IBM Corp. this month revamped its corporate Web site, updating its look and feel, and beefing up live customer service.
But the most interesting part of the update for e-business watchers may be the company's rigorous site-redesign process, now in its 10th cycle, which relies on massive customer input from across the globe.
Armonk, N.Y.-based IBM differs from many large corporations in that it keeps the bulk of its Web site strategists and development experts in-house--in a stand-alone unit operating in the bowels of New York's Web design mecca, Silicon Alley. That group is specifically focused on user-experience issues.
The company also taps agency R/GA Interactive, New York, for branding and design expertise.
"That this is version 10 of IBM.com let's you know this is a carefully rolled-out process for the company," said Chris Colborn, senior director-interaction for R/GA Interactive. "With IBM, they have to be somewhat rigorous. They have a number of constituents within IBM.com that have real desperate needs. They've learned to be very organized and very user-focused in how they go about this."
For its part, R/GA Interactive created a whole series of look-and-feel design explorations and took them out to focus groups worldwide. Among the goals of the redesign: Reach a younger audience, "modern-up" the site design, stress innovation and enhance the company's overall positioning in the marketplace, Colborn said.
"The redesign is based fundamentally in customer research," said Dave Bradley, VP-marketing and strategy for IBM.com, including customer focus groups, review of competitive sites and a thorough examination of user interaction on the existing site. "One of the key objectives of this redesign was to take our overall look and feel a step forward, and move away from what some would say was a Big Blue look."IBM's biggest challenge with its corporate site is that it covers so much ground.
"We've got to be as good as Dell in transactional selling of PCs, compete with Microsoft in the software business and with other strong competitors in the service business," Bradley said. "None of our competitors need to cover all those areas of the technology industry."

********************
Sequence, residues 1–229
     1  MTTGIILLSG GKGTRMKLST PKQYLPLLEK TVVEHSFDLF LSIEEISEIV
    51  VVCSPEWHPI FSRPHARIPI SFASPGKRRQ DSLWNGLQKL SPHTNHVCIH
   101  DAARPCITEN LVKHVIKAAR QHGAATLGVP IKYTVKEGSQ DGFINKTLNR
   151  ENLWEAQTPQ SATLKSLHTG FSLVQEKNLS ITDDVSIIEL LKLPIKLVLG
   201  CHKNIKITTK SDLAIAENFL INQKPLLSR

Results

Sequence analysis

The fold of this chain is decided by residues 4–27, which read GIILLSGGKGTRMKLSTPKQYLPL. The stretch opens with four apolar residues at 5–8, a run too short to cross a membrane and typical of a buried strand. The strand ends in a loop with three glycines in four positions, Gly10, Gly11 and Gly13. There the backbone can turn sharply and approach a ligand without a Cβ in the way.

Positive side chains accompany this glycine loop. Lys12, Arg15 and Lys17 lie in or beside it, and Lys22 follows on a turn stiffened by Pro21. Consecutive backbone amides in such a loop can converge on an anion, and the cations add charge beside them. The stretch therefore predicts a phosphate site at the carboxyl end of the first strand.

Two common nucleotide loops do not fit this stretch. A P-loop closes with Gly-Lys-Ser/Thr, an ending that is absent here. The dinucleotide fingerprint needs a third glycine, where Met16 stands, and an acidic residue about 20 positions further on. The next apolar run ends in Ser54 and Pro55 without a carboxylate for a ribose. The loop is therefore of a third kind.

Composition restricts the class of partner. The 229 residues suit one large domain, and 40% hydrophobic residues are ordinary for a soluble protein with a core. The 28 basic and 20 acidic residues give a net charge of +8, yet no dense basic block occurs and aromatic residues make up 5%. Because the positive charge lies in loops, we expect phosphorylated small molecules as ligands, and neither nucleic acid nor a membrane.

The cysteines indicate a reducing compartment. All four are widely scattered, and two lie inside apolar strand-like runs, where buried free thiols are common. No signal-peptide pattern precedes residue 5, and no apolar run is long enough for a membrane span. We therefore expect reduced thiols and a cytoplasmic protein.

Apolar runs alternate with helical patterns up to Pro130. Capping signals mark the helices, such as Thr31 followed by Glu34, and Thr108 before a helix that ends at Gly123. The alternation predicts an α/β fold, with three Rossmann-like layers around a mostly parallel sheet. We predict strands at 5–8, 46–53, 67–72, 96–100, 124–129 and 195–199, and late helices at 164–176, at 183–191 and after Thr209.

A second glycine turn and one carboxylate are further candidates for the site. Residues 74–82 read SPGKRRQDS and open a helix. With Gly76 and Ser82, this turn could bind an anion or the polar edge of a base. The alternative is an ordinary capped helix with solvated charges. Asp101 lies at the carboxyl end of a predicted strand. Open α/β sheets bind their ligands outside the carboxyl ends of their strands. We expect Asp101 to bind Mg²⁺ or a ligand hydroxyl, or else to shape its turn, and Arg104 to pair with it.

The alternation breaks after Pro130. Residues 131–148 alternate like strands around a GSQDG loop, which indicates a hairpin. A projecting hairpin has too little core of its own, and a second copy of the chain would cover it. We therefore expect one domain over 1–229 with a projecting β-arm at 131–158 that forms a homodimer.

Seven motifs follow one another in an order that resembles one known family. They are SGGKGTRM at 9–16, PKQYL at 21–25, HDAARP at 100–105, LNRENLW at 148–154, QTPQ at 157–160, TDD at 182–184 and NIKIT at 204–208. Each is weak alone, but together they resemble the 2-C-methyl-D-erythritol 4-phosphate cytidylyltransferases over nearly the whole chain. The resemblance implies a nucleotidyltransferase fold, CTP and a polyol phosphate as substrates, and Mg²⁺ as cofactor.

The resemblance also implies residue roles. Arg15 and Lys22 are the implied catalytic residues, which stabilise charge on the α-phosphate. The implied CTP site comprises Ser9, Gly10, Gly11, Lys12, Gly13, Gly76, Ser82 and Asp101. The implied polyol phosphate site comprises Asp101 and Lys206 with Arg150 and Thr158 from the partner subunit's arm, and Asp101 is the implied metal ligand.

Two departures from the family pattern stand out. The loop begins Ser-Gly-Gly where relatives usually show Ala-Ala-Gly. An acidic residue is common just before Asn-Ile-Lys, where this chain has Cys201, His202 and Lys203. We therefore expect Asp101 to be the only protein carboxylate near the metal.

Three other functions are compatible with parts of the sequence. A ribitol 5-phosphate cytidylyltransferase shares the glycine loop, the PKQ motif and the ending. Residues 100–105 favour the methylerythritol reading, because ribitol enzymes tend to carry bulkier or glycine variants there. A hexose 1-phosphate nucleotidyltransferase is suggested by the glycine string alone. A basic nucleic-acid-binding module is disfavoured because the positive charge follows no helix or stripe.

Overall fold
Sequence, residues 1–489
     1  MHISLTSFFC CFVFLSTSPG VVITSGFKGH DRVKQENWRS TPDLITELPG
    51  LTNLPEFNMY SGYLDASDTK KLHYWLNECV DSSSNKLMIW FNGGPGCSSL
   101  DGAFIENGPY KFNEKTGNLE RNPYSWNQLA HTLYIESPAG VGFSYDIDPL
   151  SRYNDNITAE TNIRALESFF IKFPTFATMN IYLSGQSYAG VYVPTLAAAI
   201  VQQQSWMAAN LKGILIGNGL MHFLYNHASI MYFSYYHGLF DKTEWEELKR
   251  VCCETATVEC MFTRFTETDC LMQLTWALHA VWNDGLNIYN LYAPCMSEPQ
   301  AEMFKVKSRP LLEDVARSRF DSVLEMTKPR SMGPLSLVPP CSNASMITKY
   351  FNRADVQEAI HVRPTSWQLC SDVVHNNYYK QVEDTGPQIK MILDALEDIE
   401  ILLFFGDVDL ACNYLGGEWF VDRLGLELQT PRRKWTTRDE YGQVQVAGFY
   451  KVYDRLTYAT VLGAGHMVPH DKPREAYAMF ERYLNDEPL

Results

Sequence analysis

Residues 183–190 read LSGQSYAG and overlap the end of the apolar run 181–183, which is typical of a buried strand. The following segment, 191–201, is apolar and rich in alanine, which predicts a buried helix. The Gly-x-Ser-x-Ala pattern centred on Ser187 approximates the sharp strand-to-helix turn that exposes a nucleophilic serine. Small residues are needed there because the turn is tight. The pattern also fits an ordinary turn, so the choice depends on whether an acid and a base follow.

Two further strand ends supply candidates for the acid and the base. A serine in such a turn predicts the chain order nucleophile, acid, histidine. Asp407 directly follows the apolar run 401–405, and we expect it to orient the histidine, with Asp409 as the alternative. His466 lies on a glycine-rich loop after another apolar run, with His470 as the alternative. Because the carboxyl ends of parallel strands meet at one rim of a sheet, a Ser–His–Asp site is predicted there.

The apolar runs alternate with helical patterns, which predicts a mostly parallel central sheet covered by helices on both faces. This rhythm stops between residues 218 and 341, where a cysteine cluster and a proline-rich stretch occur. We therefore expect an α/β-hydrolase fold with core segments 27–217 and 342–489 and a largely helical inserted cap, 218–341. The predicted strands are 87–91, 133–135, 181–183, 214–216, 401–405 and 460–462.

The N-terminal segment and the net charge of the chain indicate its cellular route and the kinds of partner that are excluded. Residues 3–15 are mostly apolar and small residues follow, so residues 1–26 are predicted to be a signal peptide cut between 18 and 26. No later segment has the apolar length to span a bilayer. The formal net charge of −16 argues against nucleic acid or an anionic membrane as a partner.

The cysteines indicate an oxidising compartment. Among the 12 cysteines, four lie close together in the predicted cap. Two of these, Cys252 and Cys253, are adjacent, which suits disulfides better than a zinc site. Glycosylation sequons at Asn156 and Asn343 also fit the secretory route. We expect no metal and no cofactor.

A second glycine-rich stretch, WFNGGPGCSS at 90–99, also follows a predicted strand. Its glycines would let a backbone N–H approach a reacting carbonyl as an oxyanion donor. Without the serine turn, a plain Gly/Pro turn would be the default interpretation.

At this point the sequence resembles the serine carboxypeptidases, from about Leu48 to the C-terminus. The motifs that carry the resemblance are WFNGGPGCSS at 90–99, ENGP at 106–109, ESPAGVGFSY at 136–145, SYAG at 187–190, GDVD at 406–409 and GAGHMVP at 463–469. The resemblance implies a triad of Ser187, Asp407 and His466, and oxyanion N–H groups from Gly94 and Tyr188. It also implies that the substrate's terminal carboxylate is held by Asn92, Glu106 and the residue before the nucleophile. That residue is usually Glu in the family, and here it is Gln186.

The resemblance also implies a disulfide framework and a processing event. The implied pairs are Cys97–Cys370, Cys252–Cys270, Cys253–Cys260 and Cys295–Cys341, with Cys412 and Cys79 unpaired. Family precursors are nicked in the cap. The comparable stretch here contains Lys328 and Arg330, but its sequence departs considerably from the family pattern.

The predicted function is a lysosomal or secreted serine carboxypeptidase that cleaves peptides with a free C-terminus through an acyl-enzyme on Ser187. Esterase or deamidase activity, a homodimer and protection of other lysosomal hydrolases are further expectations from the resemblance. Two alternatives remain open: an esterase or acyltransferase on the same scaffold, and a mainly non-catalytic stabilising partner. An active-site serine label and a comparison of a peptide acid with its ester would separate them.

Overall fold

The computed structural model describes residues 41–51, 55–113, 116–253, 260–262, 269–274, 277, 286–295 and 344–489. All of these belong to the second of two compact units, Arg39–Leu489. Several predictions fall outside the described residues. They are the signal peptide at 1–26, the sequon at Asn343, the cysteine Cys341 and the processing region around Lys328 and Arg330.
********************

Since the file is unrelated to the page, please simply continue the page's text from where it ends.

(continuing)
IBM is also obviously global in scope--the site currently reaches 72 countries in 16 languages.
The IBM challenge
So the challenge for the IBM.com design team became presenting a cohesive, sitewide design and providing many easy-to-find links--based on technology, customer segment or geography--to let visitors find what they're looking for as quickly as possible, Bradley said.
"The redesign was done to create multiple pathways," he said. "We tried to diligently micro-tune merchandising on all the different landing pages and then also understand how they all come back together."
Perhaps the most intriguing new development was the sitewide addition of live customer service, in the form of live text chat and so-called "call-back" buttons, which when clicked trigger a phone call from an IBM customer service rep.
The call-back buttons are currently housed on 500 pages. The live service is staffed by a small portion of IBM's 6,000-strong telesales force.
"We're at a point in time where the Web provides terrific access and speed of response. But especially when selling complex products and considered purchases, there's often a need for human contact," Bradley said. "We feel we have a great advantage here. We already had a significant investment in a telesales and telemarketing operation aligned with each line of business and customer segment."
In addition to customer support, the call-back button also enables a lot of cross-sell and up-sell opportunities, he added.